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Return of the White Russians
Ben Aris in Moscow - BusinessNewEurope - bne.eu - 4.4.12 - JRL 2012-62

Alexis Rodzianko, CEO of second-tier investment bank Metropol, is surprisingly sanguine about the rollercoaster ride that is working in Russian finance, but then he has a longer-term perspective than most.

Map of Russia
file photo
A US passport holder, he is also the grandson of Mikhail Rodzianko, who was a founding member of the Octobrist party set up in October 1905 during Russia's first experiment with democracy. Unlike the other main political parties, the Octobrist were firmly committed to a constitutional monarchy, but emphasised a stronger parliament that played a more active role in running the country. Mikhail went on to become the chairman of the Fourth State Duma until its dissolution in February 1917 shortly before the Bolshevik Revolution. Even after Lenin took control, Mikhail strived for compromise, presiding over the Communists' provisional government and leading the talks on the abdication of the Tsar.

However, he fled Russia in the 1920s with his family and died in Serbia in abject poverty four years later. His children, including Alexis' father, ended up as White Russians fighting against Stalin, finally ending up in the American occupation zone in Munich at the end of World War II. It was from here that Alexis' parents eventually emigrated to the US, where he was born.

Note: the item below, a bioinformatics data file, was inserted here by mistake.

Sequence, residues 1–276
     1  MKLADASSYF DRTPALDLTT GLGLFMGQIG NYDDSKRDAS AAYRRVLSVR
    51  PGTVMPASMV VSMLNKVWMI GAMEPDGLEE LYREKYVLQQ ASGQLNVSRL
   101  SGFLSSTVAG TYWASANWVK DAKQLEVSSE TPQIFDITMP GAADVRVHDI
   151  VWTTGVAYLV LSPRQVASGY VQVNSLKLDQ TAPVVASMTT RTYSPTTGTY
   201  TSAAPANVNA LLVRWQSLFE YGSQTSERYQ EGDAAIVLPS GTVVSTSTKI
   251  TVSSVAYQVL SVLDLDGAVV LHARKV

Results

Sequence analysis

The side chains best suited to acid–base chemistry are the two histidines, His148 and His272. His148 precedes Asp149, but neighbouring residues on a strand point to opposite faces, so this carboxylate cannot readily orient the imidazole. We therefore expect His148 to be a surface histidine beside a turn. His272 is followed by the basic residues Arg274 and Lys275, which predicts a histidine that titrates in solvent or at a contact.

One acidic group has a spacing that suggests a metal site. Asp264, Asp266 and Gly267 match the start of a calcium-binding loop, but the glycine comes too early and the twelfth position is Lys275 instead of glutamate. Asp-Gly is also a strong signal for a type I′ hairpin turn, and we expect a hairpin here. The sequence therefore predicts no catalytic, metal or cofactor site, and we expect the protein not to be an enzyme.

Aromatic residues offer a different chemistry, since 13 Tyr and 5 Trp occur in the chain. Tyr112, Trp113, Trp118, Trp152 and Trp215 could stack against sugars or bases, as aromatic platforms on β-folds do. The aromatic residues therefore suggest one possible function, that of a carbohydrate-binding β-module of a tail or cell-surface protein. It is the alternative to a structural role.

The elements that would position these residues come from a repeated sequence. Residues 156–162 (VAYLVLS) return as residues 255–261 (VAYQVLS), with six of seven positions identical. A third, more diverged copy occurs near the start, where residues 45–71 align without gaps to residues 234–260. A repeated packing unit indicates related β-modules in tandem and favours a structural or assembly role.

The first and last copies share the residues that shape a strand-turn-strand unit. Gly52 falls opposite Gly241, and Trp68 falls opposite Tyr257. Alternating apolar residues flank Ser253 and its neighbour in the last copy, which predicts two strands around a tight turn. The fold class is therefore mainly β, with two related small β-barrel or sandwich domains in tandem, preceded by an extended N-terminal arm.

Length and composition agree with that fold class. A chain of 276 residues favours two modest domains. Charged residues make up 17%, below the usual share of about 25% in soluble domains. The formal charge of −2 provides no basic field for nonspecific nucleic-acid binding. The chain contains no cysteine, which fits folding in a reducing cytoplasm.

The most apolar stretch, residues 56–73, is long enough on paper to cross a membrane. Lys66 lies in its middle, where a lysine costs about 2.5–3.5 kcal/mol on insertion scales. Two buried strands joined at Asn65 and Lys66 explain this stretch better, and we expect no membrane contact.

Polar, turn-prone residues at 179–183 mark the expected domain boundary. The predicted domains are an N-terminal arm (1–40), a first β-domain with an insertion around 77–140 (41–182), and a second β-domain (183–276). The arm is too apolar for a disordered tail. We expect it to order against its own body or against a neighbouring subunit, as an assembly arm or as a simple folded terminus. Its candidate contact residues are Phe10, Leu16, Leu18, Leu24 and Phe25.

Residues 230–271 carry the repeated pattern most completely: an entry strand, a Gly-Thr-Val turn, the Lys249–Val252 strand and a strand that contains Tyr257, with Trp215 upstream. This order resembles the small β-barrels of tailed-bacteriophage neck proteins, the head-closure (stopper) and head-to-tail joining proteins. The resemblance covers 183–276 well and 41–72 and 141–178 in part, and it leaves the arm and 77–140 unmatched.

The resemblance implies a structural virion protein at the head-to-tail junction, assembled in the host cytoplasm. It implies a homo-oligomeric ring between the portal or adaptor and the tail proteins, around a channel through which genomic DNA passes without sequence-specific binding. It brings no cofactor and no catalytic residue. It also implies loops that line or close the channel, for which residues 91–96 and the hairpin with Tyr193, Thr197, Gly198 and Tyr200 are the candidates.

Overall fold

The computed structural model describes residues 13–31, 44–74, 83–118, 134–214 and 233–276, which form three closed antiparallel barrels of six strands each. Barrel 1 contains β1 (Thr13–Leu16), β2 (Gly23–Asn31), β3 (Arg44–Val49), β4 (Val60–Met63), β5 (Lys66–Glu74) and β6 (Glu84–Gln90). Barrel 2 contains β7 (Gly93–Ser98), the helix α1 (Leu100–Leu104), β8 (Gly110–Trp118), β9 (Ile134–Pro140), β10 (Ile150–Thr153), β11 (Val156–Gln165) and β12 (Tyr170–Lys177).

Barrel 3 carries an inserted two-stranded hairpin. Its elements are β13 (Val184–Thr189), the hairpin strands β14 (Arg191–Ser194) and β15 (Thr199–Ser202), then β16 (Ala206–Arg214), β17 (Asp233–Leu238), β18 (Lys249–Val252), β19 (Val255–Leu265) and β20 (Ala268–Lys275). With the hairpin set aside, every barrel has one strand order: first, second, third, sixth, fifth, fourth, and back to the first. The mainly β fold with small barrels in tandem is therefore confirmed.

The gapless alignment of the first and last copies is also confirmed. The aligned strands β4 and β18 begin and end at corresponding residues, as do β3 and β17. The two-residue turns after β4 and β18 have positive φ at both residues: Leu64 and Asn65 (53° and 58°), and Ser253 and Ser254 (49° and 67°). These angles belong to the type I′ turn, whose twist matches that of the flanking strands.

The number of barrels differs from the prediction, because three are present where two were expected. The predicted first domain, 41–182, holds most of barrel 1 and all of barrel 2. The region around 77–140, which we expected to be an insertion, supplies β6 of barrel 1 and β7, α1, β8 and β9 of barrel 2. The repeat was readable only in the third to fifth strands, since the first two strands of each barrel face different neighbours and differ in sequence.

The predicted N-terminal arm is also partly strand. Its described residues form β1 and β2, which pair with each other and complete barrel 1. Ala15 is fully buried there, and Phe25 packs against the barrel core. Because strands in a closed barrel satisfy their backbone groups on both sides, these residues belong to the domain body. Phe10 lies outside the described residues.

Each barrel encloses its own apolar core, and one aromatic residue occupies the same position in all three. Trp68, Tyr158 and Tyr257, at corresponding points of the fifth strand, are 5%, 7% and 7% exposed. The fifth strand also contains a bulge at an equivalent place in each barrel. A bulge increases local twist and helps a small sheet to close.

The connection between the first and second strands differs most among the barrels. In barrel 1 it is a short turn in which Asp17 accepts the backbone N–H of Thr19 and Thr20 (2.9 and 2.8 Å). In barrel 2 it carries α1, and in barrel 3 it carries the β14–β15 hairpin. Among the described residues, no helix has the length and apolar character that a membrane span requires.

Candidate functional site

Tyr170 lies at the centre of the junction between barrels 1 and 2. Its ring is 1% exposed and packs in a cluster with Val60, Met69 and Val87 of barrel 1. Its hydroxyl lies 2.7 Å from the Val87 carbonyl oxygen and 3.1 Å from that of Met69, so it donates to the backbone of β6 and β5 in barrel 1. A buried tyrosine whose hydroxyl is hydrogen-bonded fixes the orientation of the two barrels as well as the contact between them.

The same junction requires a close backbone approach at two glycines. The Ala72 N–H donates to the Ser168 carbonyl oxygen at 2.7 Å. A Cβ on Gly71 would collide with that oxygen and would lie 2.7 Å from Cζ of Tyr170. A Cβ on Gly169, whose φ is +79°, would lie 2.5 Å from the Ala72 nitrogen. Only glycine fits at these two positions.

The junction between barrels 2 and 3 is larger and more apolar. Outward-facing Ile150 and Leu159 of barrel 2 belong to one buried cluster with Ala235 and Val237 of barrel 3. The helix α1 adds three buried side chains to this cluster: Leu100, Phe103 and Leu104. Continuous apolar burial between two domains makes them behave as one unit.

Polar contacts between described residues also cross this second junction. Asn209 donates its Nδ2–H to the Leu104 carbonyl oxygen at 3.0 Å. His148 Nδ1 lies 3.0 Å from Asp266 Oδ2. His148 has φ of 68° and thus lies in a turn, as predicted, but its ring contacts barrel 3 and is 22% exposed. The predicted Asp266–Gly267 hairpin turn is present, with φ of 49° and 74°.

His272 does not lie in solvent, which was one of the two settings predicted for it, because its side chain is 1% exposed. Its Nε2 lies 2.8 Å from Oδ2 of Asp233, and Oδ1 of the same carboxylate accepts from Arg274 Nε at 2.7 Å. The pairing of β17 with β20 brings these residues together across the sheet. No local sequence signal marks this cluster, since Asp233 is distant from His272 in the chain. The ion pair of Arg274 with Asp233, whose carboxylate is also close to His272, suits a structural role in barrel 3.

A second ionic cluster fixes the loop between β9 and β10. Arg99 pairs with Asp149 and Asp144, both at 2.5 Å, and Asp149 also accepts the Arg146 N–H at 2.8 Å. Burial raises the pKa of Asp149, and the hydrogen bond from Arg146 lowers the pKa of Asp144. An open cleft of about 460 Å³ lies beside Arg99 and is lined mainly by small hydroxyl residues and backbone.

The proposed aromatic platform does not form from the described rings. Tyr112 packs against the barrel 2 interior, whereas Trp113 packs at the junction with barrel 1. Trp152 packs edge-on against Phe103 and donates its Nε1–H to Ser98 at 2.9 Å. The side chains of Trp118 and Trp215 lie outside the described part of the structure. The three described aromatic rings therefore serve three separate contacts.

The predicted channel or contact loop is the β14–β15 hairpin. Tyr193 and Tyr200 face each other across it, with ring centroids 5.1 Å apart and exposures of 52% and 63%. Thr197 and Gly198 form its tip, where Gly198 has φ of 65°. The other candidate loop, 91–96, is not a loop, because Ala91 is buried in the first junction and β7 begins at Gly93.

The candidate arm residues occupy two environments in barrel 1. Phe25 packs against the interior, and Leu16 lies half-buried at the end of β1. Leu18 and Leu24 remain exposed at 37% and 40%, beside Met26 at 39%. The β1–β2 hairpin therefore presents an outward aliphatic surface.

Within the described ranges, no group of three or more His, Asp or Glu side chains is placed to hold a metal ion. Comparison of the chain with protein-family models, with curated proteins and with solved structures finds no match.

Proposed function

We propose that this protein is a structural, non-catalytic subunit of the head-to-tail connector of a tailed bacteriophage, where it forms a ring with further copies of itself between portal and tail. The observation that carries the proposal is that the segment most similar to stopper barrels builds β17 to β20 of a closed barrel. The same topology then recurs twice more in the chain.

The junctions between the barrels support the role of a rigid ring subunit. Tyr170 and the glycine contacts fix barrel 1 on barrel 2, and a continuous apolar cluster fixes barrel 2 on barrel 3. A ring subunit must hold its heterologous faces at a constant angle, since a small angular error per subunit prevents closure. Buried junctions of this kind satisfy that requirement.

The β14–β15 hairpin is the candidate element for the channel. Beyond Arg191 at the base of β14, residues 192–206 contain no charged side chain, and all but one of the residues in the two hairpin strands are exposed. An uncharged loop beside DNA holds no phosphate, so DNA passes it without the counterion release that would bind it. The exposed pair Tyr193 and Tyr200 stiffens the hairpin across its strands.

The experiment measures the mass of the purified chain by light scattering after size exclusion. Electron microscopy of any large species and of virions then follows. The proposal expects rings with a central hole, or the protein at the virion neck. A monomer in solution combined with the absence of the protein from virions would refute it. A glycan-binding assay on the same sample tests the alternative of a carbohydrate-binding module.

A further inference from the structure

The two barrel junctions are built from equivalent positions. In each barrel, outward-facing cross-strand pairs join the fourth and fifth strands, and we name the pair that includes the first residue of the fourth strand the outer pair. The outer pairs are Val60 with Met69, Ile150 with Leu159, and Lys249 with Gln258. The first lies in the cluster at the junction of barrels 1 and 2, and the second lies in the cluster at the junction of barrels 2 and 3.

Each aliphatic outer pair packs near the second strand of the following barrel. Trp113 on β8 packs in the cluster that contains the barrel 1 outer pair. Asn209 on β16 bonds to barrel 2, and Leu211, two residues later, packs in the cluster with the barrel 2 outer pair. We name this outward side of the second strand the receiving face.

Fast forward to today and Metropol is one of a slew of second-tier banks that are operating in the shadows of their bigger brethren. With Sberbank's take over of Troika Dialog and the inexorable rise of VTB Capital, Russia's state-owned banks pretty much dominate the investment banking scene in Russia. Renaissance Capital remains the only large privately owned bank left, but its owner Stephen Jennings has been remodelling the bank with a stronger focus on other emerging markets, and Africa in particular, leaving a hole in the Russian market for smaller banks to cater to the investment banking needs of Russia's small and medium-sized enterprises.

While no one would claim that Russia is booming, the economy is recovering well, and now that the political uncertainty of the elections is over, Rodzianko says he is looking forward to a pick-up in business. Just how fast things do depends heavily on how far Putin fulfils his reform promises that will affect the SMEs most. "We have several deals in the works that would be good for our bottom line if they come off," says Rodzianko. "The deals are not done yet, but the difference from a year ago is that now there are two sides to the discussions buyers and sellers."

These smaller banks are going to have to rely on SMEs for their daily bread going forward. Pre-crisis it was easy for anyone to make money; the equity, bond and corporate banking businesses were all booming. But post-crisis most of this action has withered, though low inflation and low yields in the rest of the world has led to a slew of bond issues, which makes up a big chunk of Metropol's income. "We are a niche player, but there are plenty of firms that don't want to do business with the government-owned banks and completely open their books to the state," says Rodzianko. "However, with our brokerage things have been more difficult. We have been forced to take on more risky positions than we would have preferred, as margins and volumes have both f